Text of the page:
Bounds got into the bushes on time and soon saw a golf cart coming up to the tee. He had no trouble recognizing Pilotto. Riding with Pilotto was Nicholas Fushi, whom Sam had instructed Bounds to be sure not to shoot as Fushi was Sam's friend. The foursome, including Sam Guzzino, was rounded out by Rudy Bamonti, who rode along in Sam's golf cart. All were members of the club and had played together regularly for five or six years. Pilotto got out of the cart, teed off, and walked back towards his golf cart while the others teed off. Bounds was behind schedule, because Sam and his partner had arrived and were already teeing off. Bounds heard Sam say "go ahead and shoot." Assuming Sam was talking to him and not just telling Sam's golfing partner to tee off, Bounds shot, hitting Pilotto in the shoulder. Bounds then stood up and walked out of the bushes. Pilotto fell down, held up his hands, and pleaded with Bounds not to shoot. Bounds explained in his testimony that because he was already committed, he shot three more times at Pilotto at close range. By that time Fushi had run the other way to hide behind a tree. Then Bounds turned to leave, but just missed shooting himself in the foot as his gun went off again accidentally. Bounds started running for the rendezvous but forgot to take along his knapsack and radio which were left behind in the weeds. He made much better time to the rendezvous than he had during the dress rehearsal, and arrived ahead of Ciarrocchi. Bamonti and Sam Guzzino used their golf towels on Pilotto's wounds, then loaded him in a golf cart. They drove the cart about a block to some condominiums to find a phone.
The next morning Bounds met both Guzzinos at the cab company. Bounds, who knew he had not lived up to expectations, inquired how Pilotto was. Sam replied that it looked like he was going to be okay, "but maybe it is good he didn't die anyway, because now the war is on." Bounds went about his cab driving business as usual.
Later, however, Sam Guzzino informed Bounds that he had received some feedback that there was suspicion that Bounds was the one who had attempted the assassination. Defendant Guzzino gave Bounds some money to go to Atlanta to see a friend of the Guzzinos. Bounds went to Atlanta, saw the Guzzinos' friend, and thereafter moved from place to place until November 30, 1981, when he finally turned himself in to the Chicago Crime Commission and the FBI. Bounds began cooperating. This resulted in some recorded conversations between Bounds and defendant Guzzino. The unsuccessful murder escapade was over.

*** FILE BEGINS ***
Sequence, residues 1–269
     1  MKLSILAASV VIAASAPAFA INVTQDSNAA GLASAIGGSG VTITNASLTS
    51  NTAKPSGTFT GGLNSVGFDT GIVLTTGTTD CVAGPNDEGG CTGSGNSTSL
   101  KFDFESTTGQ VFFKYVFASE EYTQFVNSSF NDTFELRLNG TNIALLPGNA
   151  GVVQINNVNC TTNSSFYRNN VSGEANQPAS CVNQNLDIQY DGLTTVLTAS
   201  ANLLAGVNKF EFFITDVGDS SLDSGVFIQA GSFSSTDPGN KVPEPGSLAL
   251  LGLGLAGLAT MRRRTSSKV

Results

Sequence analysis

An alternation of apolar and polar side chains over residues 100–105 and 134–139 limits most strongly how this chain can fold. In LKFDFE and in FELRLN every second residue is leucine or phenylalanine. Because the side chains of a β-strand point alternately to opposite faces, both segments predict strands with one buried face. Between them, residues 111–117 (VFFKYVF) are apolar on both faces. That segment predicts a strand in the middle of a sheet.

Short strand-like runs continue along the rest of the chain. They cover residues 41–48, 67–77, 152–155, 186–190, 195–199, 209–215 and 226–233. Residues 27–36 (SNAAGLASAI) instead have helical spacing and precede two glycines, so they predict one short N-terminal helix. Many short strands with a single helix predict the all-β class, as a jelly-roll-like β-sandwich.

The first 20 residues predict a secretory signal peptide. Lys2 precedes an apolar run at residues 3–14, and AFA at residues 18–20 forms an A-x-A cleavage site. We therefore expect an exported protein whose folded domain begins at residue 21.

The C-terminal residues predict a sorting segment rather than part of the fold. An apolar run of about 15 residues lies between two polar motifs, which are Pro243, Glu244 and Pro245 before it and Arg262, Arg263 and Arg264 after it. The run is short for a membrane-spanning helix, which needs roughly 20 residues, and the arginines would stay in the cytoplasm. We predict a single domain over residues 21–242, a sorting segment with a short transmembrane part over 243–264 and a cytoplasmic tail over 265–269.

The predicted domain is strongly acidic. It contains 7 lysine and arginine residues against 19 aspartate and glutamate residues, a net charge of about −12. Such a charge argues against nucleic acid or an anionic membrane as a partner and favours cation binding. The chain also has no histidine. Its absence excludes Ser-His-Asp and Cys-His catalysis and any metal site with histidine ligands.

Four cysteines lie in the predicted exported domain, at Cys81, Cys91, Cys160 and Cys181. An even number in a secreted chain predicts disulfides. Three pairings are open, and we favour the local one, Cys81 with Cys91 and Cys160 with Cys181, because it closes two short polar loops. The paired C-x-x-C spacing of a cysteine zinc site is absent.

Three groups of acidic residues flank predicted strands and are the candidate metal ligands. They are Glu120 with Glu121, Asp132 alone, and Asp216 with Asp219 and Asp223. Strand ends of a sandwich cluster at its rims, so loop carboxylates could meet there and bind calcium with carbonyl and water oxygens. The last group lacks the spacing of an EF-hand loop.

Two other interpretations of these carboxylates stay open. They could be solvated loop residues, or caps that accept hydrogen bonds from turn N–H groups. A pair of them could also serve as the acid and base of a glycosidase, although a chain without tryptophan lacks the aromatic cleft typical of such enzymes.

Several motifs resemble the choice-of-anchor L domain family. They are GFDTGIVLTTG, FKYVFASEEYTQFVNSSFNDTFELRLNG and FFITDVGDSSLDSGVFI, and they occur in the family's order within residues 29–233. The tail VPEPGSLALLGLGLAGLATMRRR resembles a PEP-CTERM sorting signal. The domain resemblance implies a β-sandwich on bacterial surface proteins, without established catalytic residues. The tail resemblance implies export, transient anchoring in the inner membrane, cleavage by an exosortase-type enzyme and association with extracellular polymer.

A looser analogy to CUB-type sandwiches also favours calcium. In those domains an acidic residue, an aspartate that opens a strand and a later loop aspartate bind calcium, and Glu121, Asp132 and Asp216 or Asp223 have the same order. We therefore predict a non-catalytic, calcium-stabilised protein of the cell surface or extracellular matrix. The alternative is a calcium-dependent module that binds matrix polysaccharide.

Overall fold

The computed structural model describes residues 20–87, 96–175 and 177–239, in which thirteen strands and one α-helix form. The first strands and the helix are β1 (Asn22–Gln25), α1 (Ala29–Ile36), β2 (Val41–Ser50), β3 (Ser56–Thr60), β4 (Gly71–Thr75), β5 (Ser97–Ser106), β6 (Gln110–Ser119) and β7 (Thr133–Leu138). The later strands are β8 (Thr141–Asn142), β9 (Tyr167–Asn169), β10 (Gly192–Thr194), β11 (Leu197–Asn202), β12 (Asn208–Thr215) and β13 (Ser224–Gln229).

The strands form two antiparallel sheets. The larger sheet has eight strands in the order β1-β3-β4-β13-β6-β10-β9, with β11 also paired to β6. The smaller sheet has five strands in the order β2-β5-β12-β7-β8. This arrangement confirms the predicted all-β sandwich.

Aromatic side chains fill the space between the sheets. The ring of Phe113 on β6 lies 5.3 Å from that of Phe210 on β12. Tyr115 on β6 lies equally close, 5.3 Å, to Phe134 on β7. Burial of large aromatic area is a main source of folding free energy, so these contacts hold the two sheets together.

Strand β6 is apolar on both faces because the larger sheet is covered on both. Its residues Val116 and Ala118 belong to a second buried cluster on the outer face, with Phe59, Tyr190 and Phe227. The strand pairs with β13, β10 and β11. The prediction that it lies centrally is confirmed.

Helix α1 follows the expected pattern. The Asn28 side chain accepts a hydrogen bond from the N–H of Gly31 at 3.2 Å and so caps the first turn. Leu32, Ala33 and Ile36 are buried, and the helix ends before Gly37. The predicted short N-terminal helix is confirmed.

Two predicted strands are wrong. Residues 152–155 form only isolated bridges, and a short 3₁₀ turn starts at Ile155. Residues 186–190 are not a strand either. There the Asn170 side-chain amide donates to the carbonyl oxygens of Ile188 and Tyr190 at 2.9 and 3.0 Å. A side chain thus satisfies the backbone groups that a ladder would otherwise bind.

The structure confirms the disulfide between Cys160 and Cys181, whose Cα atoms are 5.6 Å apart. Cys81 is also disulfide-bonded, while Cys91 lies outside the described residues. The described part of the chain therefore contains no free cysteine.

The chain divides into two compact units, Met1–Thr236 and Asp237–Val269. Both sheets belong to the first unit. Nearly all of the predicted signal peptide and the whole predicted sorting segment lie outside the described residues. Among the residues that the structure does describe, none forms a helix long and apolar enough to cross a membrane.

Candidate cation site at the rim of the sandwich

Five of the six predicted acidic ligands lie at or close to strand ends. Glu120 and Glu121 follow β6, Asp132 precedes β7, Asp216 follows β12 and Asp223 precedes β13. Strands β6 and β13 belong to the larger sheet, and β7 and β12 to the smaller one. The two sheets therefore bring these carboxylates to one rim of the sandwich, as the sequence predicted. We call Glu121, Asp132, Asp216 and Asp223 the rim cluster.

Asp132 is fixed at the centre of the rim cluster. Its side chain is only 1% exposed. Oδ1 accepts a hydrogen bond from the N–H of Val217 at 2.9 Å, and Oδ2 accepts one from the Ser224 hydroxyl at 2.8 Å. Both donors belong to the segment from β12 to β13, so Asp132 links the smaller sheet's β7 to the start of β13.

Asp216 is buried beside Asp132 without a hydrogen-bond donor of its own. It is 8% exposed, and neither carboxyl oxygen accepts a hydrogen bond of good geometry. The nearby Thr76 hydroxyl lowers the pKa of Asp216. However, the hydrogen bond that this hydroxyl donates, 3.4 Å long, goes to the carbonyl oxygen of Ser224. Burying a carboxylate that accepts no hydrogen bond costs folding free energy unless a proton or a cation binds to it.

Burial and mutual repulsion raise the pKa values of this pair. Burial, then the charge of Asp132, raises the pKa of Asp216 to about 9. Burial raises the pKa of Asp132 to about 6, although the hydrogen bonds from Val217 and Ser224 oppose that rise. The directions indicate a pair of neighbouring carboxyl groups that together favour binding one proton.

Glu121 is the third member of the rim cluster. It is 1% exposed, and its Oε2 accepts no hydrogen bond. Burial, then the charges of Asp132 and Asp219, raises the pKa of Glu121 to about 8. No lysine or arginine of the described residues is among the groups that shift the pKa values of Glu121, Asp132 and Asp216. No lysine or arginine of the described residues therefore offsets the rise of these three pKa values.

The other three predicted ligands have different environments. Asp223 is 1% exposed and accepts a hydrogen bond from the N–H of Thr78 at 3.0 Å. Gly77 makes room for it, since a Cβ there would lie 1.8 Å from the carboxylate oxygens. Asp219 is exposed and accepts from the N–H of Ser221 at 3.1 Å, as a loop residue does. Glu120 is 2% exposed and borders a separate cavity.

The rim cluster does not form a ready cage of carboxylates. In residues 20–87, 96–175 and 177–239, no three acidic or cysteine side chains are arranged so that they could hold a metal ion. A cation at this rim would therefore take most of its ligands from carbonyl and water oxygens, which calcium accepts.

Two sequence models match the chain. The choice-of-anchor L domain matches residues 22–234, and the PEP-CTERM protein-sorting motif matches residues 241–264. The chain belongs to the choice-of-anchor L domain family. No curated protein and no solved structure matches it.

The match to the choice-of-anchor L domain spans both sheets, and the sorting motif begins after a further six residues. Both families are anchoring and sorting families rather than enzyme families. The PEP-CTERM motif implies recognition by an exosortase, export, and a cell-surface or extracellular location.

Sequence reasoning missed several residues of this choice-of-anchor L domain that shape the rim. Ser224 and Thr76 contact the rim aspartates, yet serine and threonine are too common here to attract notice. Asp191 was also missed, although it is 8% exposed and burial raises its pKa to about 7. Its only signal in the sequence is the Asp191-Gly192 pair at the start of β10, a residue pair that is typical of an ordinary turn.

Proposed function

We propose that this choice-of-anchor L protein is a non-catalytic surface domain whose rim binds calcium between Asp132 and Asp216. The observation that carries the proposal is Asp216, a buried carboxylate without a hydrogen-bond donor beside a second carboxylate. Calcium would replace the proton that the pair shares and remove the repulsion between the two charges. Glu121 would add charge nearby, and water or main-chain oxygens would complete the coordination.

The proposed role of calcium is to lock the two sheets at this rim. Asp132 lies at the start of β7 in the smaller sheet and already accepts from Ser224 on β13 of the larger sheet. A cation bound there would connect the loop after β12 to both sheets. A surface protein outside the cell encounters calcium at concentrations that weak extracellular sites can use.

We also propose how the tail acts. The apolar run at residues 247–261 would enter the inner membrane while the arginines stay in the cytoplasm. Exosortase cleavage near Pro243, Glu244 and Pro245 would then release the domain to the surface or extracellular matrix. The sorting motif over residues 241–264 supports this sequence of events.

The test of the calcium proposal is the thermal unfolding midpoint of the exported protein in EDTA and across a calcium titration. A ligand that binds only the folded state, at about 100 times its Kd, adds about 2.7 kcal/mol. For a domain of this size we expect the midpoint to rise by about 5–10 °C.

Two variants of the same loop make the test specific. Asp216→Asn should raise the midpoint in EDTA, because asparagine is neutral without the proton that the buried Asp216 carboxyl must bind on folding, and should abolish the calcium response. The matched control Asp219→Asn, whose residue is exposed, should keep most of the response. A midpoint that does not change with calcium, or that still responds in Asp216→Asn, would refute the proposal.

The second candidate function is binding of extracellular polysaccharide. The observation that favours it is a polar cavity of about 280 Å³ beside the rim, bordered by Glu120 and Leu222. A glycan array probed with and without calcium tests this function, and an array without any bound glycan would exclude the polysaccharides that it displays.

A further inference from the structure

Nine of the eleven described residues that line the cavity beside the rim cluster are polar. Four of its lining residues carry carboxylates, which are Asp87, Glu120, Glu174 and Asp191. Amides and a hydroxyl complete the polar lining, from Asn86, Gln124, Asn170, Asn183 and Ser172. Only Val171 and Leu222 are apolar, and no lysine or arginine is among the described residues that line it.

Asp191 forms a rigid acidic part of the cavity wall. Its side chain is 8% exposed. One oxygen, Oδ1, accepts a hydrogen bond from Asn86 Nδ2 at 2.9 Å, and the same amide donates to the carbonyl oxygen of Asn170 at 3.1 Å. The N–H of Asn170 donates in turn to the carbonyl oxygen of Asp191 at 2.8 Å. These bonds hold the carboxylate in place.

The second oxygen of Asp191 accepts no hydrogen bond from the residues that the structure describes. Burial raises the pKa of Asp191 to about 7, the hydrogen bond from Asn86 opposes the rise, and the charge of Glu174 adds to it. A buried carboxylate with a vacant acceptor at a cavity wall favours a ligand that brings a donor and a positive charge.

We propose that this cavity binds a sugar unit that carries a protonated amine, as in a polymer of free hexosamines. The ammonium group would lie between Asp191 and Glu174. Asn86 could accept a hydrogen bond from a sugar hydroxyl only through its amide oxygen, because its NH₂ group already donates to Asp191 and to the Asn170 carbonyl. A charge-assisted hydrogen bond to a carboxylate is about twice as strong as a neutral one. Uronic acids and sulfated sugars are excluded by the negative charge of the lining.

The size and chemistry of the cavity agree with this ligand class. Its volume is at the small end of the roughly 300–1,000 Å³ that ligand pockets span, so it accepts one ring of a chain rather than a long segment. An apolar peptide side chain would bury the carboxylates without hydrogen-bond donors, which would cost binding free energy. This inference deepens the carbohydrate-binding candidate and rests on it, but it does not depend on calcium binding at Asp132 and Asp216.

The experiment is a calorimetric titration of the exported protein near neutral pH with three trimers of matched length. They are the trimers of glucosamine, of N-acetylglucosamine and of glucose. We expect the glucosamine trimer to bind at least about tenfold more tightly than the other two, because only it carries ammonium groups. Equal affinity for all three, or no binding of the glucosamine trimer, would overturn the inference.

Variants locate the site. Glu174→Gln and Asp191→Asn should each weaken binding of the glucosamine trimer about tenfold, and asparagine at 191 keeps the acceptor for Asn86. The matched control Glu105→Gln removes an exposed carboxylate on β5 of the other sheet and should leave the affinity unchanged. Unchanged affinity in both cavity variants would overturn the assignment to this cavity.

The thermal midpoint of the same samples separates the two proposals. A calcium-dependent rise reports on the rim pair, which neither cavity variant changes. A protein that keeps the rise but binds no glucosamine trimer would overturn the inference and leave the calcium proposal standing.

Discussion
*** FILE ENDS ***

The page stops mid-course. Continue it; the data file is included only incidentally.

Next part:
At trial, Bounds admitted on cross-examination to the regular use of various unlawful drugs, including heroin, cocaine, and marijuana. He was revealed as an ex-felon, wife beater, and a paid witness in the government's witness protection program. The Guzzinos' friend whom Bounds saw in Atlanta described Bounds as a "crumb-bum." Nonetheless, Bounds's tale of this bungled murder remained substantially intact despite inconsistencies regarding dates, times, and other details developed on cross-examination.
The government called a variety of other witnesses to reinforce supporting details. Pilotto, the intended murder victim, testified as an immunized witness.8 He related that he had known both Guzzinos all their lives, but had not known Bounds, Sam's former son-in-law. He described his wounds. He said that he was shot in the forearm and elbow, shot in the leg and groin, shot in the collarbone and shoulder blade, and sustained other shots in the knuckle and the chest, but somehow survived. He confirmed that he had not testified at his own trial in Miami, the Accardo case. Pilotto, however, was not permitted to testify as to whether or not he had ever intended to testify in that trial. Ciarrocchi, who had no prior record, testified in his own defense, denied any involvement in the conspiracy, and offered a reason why Bounds had framed him. Another defense witness confirmed animosity between the two. Ciarrocchi denied that he had ever used a silencer or tried to teach Bounds how to shoot.